Then in the 2009 issue of KFG I was asked if I knew anything about Frank Keeney who owned the Keeney Theater in Brooklyn, NY. I looked online again and found a little bit about the theater and it's owner. It got pushed aside yet again and then at the beginning of the summer 2014 I dug up quite a bit about Frank Keeney and his several theaters. As far as I can tell  all were vaudeville theaters when established and then movie screens were eventually added and both types of entertainment were offered.

In attempting to research the Keeney Theaters it looks like that around 1926 Loews bought out 3 of the theaters that Frank had, as near as I can figure out the names appear to be this way.

  1. Keeney Music Hall (Keeney's Theater) 1915 - 1926 was located at
    300 Livingston Street, Brooklyn, NY 11217
    when sold 9 June 1926 it became Loews Livingston Theater then was renamed in 1928 to Loews Melba Theater which was demolished in 1954 and is now is a four level parking & commercial building.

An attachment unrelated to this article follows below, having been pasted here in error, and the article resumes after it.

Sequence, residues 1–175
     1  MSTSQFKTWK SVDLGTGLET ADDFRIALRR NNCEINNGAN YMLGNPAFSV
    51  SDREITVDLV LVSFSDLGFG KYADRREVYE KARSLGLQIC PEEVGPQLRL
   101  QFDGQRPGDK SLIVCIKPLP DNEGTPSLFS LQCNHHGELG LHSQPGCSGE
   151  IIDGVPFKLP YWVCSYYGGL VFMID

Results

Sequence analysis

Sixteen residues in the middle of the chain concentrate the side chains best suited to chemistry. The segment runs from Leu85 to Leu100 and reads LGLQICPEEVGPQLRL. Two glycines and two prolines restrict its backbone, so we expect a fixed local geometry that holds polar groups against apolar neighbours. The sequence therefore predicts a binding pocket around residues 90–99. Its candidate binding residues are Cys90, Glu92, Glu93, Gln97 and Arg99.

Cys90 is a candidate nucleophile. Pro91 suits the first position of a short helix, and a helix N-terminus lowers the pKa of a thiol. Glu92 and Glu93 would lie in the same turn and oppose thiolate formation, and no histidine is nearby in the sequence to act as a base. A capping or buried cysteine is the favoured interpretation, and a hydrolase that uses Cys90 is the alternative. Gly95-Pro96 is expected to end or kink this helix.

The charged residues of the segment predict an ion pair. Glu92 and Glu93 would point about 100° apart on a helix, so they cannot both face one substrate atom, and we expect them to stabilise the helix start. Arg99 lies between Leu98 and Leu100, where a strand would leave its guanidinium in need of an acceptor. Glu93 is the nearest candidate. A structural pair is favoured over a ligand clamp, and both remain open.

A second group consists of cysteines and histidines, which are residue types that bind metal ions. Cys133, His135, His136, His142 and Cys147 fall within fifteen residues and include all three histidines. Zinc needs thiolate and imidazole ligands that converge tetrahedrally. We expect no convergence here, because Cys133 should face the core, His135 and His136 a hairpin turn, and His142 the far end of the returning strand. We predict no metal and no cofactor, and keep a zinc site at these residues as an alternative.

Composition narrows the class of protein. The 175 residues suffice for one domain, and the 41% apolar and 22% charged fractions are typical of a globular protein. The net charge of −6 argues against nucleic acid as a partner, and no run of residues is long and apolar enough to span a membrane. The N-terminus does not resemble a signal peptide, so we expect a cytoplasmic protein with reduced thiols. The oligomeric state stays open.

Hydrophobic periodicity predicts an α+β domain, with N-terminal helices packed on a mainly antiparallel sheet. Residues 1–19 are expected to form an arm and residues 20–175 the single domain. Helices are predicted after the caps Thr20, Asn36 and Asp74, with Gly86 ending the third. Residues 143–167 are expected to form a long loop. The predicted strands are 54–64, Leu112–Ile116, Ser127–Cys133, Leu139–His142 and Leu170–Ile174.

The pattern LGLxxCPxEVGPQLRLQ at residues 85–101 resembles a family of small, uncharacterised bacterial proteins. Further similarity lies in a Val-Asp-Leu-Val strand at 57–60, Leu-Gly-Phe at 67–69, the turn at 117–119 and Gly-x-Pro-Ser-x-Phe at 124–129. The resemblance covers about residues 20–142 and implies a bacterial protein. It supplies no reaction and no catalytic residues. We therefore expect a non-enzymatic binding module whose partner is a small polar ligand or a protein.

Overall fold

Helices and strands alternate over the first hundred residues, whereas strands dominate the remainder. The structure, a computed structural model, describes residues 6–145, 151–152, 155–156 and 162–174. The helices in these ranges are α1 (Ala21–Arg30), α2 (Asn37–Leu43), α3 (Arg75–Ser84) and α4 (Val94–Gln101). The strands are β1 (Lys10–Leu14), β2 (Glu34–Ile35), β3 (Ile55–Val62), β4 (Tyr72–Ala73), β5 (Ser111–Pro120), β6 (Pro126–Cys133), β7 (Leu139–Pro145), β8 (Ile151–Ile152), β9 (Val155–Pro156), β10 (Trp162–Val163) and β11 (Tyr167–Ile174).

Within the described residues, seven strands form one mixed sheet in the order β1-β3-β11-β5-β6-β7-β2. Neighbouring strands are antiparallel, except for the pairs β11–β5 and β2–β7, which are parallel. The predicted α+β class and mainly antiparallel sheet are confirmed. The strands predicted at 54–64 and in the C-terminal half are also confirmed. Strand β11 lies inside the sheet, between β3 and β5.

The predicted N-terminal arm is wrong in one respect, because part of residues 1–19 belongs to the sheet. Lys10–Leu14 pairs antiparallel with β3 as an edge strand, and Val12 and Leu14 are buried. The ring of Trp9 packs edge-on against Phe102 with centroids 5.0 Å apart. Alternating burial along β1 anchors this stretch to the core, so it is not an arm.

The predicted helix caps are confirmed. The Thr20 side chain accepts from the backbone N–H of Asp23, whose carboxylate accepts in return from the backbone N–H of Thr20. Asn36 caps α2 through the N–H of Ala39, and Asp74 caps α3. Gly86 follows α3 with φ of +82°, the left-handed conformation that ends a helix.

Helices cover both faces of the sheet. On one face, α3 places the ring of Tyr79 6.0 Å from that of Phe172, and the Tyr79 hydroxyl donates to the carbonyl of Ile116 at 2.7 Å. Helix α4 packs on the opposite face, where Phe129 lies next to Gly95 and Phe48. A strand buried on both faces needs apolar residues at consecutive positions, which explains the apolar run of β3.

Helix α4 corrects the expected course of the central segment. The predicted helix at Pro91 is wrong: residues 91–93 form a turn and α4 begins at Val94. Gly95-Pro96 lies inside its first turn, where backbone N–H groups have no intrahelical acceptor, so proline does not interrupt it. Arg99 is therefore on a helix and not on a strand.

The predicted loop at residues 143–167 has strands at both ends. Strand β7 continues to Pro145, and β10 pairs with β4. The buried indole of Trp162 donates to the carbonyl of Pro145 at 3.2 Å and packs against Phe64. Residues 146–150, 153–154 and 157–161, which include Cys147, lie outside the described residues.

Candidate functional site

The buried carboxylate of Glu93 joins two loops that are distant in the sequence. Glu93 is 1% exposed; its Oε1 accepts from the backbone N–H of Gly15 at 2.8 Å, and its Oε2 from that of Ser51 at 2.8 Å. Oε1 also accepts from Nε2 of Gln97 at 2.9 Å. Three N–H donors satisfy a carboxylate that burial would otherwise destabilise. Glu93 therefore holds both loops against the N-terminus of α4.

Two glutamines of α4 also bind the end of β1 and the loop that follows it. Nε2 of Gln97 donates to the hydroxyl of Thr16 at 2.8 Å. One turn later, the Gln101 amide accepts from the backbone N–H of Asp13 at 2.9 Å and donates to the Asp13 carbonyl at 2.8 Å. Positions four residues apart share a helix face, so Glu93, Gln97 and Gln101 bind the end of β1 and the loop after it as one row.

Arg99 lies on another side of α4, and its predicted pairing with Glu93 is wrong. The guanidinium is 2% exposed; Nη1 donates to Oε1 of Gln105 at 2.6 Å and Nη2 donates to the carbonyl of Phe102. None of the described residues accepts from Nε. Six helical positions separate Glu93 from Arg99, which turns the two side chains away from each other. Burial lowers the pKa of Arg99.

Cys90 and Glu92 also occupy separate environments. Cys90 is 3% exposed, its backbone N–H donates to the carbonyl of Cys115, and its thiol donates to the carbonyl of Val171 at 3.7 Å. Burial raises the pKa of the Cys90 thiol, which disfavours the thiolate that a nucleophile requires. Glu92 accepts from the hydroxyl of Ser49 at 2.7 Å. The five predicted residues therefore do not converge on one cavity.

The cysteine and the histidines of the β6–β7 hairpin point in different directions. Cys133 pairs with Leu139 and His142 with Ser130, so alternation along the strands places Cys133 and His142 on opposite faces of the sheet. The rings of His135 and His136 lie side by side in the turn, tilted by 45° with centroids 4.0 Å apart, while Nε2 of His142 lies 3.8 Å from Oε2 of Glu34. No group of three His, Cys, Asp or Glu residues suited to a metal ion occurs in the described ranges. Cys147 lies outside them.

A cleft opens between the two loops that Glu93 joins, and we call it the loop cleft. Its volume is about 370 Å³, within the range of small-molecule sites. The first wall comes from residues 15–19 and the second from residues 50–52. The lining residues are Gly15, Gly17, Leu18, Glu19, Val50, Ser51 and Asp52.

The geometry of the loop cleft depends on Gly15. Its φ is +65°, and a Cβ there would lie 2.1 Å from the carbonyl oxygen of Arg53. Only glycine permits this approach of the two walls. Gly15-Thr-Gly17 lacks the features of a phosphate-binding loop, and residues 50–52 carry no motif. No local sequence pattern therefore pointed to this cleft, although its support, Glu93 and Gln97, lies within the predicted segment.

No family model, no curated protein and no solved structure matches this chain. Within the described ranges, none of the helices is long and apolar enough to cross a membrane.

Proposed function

2. Keeney's Bay Ridge 1921 - 1926 was located at
    7120 Third Avenue, Brooklyn, NY 11209
    became Loews Bay Ridge Theater now it's a McDonalds and Rite Aid

  3. Keeney's Bedford Theater  1924 - 1926 was located at
    1372 Bedford Avenue at Bergen Street  Brooklyn, N.Y. 11216
    became Loews Bedford Theater and is now a church.

I keep finding more theatres that he owned and will just add them to the PDF below. Newspaper advertisements from 1909 also found a Keeney's Theatre at 323  Wall Street, Kingston, New York that was built in 1918/19 I'm not sure why the date conflict is there but it is.